Roofing: Managing Vegetative Roofs After Installation
Performing regular maintenance on a green roof after installation can help the facility and organization see maximum benefits.
For a facility, an organization and a community to see maximum results from a vegetative roof, proper maintenance is essential. Regular maintenance includes watering, weeding and containing the desired vegetation.
“Realizing that these roofs are living systems and that occasionally, based on continuous monitoring, nutrients might need to be added and plant replenishment might be needed,” Petroff says. “In the case of a primarily sedum roof, they are very easily propagated. They are very easy to plug in new plants and to control any gaps that may have occurred for any reason.
“These roofs do require regular and continuing oversight in order to continue to function for years.”
To properly maintain the roof’s plant material, workers need easy access. Vegetative roofs on the University of Maryland campus can be accessed by different methods, which is beneficial because having plant materials continuously coming in and out of these access points can create a problem if these points are not in ideal locations.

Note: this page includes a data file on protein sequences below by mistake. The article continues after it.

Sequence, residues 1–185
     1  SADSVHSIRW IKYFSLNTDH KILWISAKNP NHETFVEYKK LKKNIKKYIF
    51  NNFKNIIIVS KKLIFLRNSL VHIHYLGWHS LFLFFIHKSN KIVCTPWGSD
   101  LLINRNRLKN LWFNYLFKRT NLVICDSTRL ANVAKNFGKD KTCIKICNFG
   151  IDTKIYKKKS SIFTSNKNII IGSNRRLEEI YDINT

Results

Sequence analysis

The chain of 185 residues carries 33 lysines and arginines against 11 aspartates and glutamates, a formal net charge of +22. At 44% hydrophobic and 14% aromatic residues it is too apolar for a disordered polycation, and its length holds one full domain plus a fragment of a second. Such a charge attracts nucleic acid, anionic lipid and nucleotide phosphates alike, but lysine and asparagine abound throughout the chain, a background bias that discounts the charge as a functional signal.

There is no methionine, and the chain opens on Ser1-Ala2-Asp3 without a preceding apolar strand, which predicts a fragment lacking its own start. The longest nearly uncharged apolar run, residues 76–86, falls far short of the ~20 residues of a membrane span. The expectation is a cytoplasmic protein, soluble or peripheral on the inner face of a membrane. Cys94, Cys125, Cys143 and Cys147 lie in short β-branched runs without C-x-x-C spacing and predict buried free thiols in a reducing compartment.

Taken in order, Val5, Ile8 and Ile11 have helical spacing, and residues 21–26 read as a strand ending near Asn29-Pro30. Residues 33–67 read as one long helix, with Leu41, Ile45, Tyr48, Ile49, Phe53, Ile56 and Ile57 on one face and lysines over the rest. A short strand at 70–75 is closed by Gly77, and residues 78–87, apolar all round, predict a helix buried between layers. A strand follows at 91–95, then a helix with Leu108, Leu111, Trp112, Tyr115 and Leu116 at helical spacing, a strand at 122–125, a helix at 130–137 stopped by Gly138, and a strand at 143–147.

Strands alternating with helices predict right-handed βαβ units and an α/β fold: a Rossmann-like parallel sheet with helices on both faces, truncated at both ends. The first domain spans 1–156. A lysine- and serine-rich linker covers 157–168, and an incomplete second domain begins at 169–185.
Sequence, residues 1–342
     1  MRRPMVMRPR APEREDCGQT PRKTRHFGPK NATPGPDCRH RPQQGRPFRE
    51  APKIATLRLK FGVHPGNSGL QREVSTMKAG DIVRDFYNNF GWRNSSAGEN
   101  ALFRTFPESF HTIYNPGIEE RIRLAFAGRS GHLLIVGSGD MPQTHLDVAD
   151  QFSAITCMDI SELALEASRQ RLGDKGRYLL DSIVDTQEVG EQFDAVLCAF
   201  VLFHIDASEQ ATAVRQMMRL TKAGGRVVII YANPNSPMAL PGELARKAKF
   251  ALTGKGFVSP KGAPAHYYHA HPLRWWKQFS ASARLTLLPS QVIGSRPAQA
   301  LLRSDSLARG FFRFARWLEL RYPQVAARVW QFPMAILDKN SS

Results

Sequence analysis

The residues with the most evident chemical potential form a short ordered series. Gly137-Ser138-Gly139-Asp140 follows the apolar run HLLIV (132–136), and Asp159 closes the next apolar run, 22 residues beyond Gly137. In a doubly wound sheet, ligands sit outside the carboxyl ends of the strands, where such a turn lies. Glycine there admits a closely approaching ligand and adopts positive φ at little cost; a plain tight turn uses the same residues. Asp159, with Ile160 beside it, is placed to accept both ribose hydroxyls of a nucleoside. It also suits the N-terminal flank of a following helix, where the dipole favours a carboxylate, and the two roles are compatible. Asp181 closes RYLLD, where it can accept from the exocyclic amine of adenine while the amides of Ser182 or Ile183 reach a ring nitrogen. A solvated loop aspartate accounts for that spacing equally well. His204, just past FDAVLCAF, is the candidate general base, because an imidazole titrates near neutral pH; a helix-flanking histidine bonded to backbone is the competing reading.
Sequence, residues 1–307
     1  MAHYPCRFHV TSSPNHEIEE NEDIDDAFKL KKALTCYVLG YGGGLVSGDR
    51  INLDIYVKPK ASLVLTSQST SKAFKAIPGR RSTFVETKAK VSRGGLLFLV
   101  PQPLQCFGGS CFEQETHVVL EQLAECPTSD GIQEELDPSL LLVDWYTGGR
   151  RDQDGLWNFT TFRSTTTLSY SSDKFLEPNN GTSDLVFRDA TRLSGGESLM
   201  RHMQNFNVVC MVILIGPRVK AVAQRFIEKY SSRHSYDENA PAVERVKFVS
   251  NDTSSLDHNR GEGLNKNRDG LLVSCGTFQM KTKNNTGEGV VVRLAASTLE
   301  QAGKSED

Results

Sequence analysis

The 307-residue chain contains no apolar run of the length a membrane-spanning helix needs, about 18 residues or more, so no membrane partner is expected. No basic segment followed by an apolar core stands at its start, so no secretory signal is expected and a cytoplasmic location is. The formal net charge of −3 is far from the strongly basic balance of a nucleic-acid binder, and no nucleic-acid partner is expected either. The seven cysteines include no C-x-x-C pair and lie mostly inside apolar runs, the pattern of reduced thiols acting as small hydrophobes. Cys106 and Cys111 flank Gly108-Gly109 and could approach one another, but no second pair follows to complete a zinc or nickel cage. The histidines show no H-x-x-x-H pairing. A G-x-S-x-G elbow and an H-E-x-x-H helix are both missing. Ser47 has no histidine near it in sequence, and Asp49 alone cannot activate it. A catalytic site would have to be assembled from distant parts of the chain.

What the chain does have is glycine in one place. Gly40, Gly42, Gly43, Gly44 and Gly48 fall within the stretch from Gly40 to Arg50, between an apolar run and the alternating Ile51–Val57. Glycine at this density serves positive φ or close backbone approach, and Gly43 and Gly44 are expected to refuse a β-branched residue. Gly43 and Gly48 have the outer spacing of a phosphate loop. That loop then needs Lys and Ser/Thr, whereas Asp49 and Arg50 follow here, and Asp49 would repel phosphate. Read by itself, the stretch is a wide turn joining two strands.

“One of our ongoing review points for any design that is submitted, the first question Michael or I ask is, ‘Where is the access?’” Petroff says. “This is something to consider when these facilities are accepted in the design. It is going to need maintenance, and it is going to need regular maintenance. There may be plant material coming in through that access point and coming out through that access point, as well as media and other tools.
“If that access point is in a place where you don’t want the function to happen, it can become problematic.”
Regular maintenance of vegetative roofs is essential to their success, especially during the growing season, when routine weeding and trimming become more important.
“Staying up with maintenance is the key,” Carmichael says. “You’ve got a lot less work when you are visiting a roof four to six times a year than you do if the building has not seen a person on the roof in a year or two. You’ll find all kinds of things growing on there if you don’t go up there often.
“These things that can grow can present pretty interesting issues when you’re talking about a roof structure and membrane, especially the potential for leaking. So staying ahead of maintenance I think is really the key.”